New Delhi: The Government on Monday will kick off its annual Budget making exercise for financial year 2023-24, that is expected to look at measures to revive growth amid a gloomy global outlook.
The meeting would start with consultations with various ministries and departments on the revised estimates (RE) of expenditure for ongoing financial year and the fund requirement for 2023-24.
On the first day on Monday, RE meetings with Ministry of Environment, Forest and Climate Change, Ministry of Labour And Employment, Ministry of Information and Broadcasting, Ministry of Statistics and Programme Implementation and Ministry of Youth Affairs and Sports would take place.
Most of these discussions to finalise RE for ongoing financial year (2022-23) and Budget Estimate for 2023-24 would be chaired by the Finance Secretary and Expenditure Secretary.
The month-long deliberations would end on November 10, with consultations with Ministry of Cooperation, Department of Agriculture and Farmers Welfare, Department of Agricultural Research and Education, Ministry of Road Transport and Highways, Ministry of Railways and Ministry of Petroleum and Natural Gas, as per a notification of Budget Division of the finance ministry.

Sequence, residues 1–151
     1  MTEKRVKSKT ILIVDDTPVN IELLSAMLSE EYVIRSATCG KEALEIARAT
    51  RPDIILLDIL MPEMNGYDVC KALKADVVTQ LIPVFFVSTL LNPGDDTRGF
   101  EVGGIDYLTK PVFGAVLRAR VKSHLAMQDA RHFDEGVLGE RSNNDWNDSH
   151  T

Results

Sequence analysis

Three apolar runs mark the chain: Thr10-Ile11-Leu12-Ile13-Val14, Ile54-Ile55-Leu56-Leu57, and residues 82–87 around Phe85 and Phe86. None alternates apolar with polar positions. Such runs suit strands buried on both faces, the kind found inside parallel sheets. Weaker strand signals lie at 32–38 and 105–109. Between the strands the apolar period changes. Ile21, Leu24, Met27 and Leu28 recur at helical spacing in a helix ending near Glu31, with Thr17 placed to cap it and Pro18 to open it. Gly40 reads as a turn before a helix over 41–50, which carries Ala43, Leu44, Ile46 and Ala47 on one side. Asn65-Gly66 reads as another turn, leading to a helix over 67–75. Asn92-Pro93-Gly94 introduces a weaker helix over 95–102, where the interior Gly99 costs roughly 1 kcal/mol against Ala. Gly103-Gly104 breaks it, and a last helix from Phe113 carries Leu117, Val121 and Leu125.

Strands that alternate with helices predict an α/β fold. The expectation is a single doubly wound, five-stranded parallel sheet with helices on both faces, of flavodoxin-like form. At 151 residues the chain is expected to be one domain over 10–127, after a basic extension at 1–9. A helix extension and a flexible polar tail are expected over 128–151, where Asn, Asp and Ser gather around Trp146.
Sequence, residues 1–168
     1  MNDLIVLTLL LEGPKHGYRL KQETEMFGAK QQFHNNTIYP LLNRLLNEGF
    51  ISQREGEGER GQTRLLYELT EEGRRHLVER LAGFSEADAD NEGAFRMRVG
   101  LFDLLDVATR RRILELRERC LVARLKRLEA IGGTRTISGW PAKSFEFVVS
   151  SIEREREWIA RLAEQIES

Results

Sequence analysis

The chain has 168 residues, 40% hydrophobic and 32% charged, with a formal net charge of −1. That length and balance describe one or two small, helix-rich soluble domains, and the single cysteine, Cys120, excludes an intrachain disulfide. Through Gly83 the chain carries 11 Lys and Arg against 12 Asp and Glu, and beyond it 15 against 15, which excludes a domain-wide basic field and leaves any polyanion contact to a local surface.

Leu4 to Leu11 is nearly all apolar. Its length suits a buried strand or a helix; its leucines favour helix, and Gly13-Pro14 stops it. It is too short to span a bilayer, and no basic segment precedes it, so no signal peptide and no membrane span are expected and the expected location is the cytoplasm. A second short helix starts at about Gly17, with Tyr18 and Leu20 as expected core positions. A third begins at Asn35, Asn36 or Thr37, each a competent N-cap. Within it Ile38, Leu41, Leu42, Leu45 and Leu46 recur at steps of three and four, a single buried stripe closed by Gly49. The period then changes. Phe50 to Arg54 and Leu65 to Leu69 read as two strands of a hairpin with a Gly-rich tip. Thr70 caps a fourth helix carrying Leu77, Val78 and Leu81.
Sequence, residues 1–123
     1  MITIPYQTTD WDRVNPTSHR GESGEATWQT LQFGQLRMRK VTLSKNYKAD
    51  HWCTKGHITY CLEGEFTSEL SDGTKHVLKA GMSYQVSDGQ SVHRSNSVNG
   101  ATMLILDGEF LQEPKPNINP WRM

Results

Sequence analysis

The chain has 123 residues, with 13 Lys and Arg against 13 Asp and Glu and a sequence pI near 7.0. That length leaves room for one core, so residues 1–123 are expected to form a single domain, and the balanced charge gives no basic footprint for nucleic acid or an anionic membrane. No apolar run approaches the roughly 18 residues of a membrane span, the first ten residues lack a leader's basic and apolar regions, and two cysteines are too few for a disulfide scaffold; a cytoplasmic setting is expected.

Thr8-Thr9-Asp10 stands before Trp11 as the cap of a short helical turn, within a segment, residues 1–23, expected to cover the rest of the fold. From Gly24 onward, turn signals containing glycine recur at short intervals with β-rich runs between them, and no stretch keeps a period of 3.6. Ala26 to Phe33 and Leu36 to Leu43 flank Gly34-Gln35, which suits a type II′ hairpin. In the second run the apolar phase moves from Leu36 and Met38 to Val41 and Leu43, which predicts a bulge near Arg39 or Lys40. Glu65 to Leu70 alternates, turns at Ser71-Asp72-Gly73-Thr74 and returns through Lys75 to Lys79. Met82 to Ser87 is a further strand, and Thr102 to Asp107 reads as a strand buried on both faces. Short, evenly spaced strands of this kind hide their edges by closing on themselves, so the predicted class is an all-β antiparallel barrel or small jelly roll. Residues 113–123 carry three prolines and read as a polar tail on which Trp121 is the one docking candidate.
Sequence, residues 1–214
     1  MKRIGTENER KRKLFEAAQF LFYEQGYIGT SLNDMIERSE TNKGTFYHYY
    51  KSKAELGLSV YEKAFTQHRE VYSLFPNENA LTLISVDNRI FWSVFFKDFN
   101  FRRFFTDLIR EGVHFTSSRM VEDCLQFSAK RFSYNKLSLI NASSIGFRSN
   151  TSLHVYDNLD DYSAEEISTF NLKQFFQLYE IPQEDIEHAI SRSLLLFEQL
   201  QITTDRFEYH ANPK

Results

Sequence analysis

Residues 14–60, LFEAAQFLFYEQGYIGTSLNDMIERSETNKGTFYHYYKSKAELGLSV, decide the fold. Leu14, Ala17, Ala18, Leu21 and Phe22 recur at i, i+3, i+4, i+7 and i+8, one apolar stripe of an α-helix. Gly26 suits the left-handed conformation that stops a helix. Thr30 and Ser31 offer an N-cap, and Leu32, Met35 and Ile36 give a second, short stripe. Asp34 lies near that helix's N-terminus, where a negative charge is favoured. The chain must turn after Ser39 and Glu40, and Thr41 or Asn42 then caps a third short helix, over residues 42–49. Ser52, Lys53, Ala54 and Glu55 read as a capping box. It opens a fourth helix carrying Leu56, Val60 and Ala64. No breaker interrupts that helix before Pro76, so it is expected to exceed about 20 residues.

The Budget Estimates for 2023-24, will be provisionally finalised after completion of pre-Budget meetings.
These meetings would take place against the backdrop of many institutions, including the Reserve Bank and the World Bank slashing India’s growth forecast to 7 per cent and 6.5 per cent, respectively.
It will be the fifth Budget of the Narendra Modi 2.0 government and Finance Minister Nirmala Sitharaman and the last full Budget before the general elections due in April-May 2024.
During the election year, the government presents Vote on Account for the limited period. Usually, the Budget is cleared till July.
The Budget 2023-24 is likely to be presented on February 1, during the first half of Parliament’s Budget session which usually begins in the last week of January every year.
The Budget 2022-23 had projected a growth rate of 7-7.5 per cent in real terms while fiscal deficit was pegged at 6.4 per cent of gross domestic product (GDP).
Prime Minister Narendra Modi-led government scrapped the colonial-era tradition of presenting the Budget at the end of February. The then finance minister Arun Jaitley had for the first time presented the annual accounts on February 1, 2017.
With the change in the date of Budget presentation, ministries are now allocated their budgeted funds from the start of a financial year beginning April. This gives government departments more leeway to spend as well as allow companies time to adapt to business and taxation plans.
Previously, when Budget was presented at the end of February, the three-stage Parliament approval process would get completed some time in mid-May, weeks ahead of the onset of monsoon rains.
This meant government departments would start spending on projects only from August-end or September, after the monsoon season ended. (Agencies)